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Haemolytic anaemia—congenital and acquired 

Haemolytic anaemia—congenital and acquired

Chapter:
Haemolytic anaemia—congenital and acquired
Author(s):

Amy Powers

, Leslie Silberstein

, and Frank J. Strobl

DOI:
10.1093/med/9780199204854.003.220509
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date: 29 April 2017

Premature destruction of red cells occurs through two primary mechanisms: (1) decreased erythrocyte deformability that leads to red-cell sequestration and extravascular haemolysis in the spleen and other components of the reticuloendothelial system—may be caused by membrane defects, metabolic abnormalities, exogenous oxidizing agents, or pathological antibodies; (2) red-cell membrane damage and intravascular haemolysis—may be caused by exposure to pathological antibodies, activated complement, mechanical forces, chemicals, and infectious agents.

Clinical features—general aspects

These include (1) increased red cell production—manifestations include reticulocytosis, polychromasia, macrocytosis, erythroid hyperplasia, and bone changes; (2) increased red-cell destruction—features include decreased haemoglobin levels, fragmented red cells, decreased haptoglobin levels, increased unconjugated bilirubin levels, increased plasma LDH levels, haemoglobinaemia, haemoglobinuria, haemosiderinuria, splenomegaly.

Congenital disorders of the red-cell membrane

Hereditary spherocytosis—usually an autosomal dominant condition due to defects in α‎- or β‎-spectrin, or the proteins that bind spectrin to the plasma membrane. Presentation is typically in childhood with anaemia, jaundice, and splenomegaly, with red cells demonstrating increased osmotic fragility. Anaemia can be corrected in almost all cases by splenectomy. See also Chapter 22.5.10.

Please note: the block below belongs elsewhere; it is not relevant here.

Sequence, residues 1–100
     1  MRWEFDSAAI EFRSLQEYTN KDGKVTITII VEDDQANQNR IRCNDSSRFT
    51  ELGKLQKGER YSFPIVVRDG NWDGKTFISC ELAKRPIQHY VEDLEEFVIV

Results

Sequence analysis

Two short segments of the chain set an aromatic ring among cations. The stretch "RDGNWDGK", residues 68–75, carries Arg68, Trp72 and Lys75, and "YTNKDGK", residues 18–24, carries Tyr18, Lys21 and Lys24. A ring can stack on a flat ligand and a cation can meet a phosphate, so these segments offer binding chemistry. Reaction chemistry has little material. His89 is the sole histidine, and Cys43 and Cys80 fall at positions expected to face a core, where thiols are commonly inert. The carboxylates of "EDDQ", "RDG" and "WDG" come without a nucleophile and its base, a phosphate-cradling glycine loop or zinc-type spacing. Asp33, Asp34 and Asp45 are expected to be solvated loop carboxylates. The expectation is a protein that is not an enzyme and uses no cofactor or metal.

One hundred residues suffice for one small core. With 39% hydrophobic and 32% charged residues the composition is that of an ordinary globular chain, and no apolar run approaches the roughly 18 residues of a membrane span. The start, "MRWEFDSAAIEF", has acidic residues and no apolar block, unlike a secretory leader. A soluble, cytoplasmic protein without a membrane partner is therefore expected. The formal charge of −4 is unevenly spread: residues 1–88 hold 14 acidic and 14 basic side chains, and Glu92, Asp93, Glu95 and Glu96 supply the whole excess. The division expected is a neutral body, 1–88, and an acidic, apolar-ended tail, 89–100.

Hereditary elliptocytosis—a genetically heterogeneous disorder caused in most cases by defects in both α‎-spectrin and β‎-spectrin that interfere with spectrin self-association. Less than 10% of cases exhibit significant haemolysis, but the peripheral blood smear contains elliptocytes, ‘pencil cells’, and other abnormally shaped red cells. Asymptomatic individuals require no treatment; patients who are symptomatic often obtain some benefit from splenectomy. See also Chapter 22.5.10.

Other disorders—these include hereditary pyropoikilocytosis, hereditary spherocytic elliptocytosis, hereditary stomatocytosis, and hereditary xerocytosis.

Congenital disorders of red-cell enzymes

Glucose-6-phosphate dehydrogenase (G6PD) deficiency—an X-linked, recessive disorder that is maintained in populations because it confers some resistance to Plasmodium falciparum infection. Causes little to no haematological abnormality under normal circumstances, but severe haemolysis and anaemia occur during periods of oxidant stress that may be caused by chemicals, drugs, infectious agents, and the bean Vicia faba (favism). Diagnosis depends on the demonstration of decreased red-cell G6PD activity, for which there is a rapid fluorescent screening assay. Management involves avoidance of precipitants, with blood transfusion required during severe haemolytic episodes. See also Chapter 22.5.12.